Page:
Overall, the option you go for will depend on your risk tolerance and the amount of cash you have to invest. If you are relatively risk averse and don’t have cash to invest then working more to earn more will be more attractive. If you can tolerate some risk and do have some spare cash saved up, then investing in property will provide you with medium risk while investing in a business will be the higher risk option.
Boosting retirement/future income
If you’re looking to boost future income then you have two main options:
Property investing we've already talked about.
The stock market provides a good return over long periods of time; most investment advisors would suggest an investment horizon of 5 years or more. Putting money into the stock market in the hopes of a good return in a year or less is gambling rather than investing, that's why I didn't offer it as an option when we were thinking through how to "boost income now".
The most tax efficient options for investing the stock market are investing via an ISA or a SIPP. ISA are individual savings accounts and SIPPs are self-invest pension plans, they are a type of personal pension.
If you invest the money via a SIPP then you won’t have access to that money until you are between 55 and 58 years old. The exact age will depend on your age and has been set at the state retirement age minus 10 years.
The SIPP is a good option because for every £100 you put in, HMRC pay back £25 of tax and this saving is automatic. It is claimed by the SIPP provider and is shown on your investment account. The maximum you can put into a pension a year is £40,000 or your salary whichever is lower. So, if you earn £30,000/year you can put up to £30,000 into your pension without getting a tax charge. If you earn more than £40,000/year and haven’t reached the lifetime allowance of £1.055m, you can put up to £40,000 into your pension without getting a tax charge/penalty.
I will be writing several blogs on investing over the next few months that should hopefully build your confidence to make the move. In the meanwhile, you might find this useful: What platform should you use for investing and what should you invest in.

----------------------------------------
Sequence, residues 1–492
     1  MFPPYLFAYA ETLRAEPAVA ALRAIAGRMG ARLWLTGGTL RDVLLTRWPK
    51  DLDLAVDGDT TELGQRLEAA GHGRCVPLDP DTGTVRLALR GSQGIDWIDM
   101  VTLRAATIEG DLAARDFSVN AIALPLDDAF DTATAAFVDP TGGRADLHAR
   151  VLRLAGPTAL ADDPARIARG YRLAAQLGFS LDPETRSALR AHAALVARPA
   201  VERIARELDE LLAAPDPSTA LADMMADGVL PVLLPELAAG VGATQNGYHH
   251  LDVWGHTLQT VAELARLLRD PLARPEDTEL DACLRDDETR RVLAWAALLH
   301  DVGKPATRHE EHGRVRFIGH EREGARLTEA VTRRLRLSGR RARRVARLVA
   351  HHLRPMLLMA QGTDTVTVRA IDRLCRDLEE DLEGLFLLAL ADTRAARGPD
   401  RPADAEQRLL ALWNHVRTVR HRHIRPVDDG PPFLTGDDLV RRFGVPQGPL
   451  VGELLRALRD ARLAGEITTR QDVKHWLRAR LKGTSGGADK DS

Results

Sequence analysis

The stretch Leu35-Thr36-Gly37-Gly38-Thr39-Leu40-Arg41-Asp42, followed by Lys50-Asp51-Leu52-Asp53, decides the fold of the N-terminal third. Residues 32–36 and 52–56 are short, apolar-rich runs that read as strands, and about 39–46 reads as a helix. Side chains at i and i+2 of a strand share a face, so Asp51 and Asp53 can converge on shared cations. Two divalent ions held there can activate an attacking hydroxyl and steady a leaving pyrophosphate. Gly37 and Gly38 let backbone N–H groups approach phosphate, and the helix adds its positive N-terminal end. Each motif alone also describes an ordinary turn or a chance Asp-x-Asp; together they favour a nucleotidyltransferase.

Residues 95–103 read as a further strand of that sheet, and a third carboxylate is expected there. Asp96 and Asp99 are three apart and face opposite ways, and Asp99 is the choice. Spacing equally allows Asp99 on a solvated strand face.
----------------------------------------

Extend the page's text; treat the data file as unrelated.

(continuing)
I hope this is helpful.
Have a question?
If you have any personal finance questions send them to [ME] – I will answer whatever piques my fancy via a blog post.
When people can't get a job they blame it on all manner of things: they're racist, they're fattist, it's because of my hair or my hijab or because immigrants are taking up all the jobs - I've never heard this one though and it's more likely now than ever before that your own crazy opinions are keeping you from the job you want.
I love social networking as much as the next person, however, I am all too aware that what you write can make or break your chances of getting jobs.
Nowadays your résumé/CV is not your potential employer's only source of information about you; they tend to google you as well.
Would you be happy for your employer to see everything that comes up about you?
Using social networks consciously and responsibly has never been more important. What you write, share and 'like' matters; it gives insight to your personality and temperament; it could be standing between you and that highflying job.
Here are my tips:
THE HEADLINE TEST
Before you post anything think: “Would I be proud to see this shared on the front cover of The Wall Street Journal or The Financial Times?” I learnt this tip on my first job at Goldman Sachs.
If you’re angry, annoyed or irritated do not tweet, blog or post anything. Feel free to rant and rave about it in your personal word processor but leave it be until you are not angry or at least less angry and you’ll find that it was going to be one of those posts you later regretted.
If you tweet a lot of random stuff, don't connect your twitter to your LinkedIn. You know employers and headhunters officially trawl LinkedIn profiles to find out stuff, right?
So you’re mr or ms popular: you’re the entertainment organiser at your school or university. Good for you, but that doesn’t mean you need to have a completely open Facebook profile. If people are interested in what you have to say they can follow you on Facebook in which case they only see your “public” posts not those to “friends” only.
Go through your personal info and carefully select what is viewable by the public and what is not. It should only be stuff that adds positive value to your employability.
CHOOSE YOUR FRIENDS CAREFULLY
Facebook didn’t always have the subscription/follow button so people used to accept friends willy nilly. Personally, I don’t friend anyone that I don’t actually know.
Decide what criteria people need to satisfy to be your “friend” on Facebook and only friend those. Everyone else can subscribe to your public posts.
THE FUNNY TEST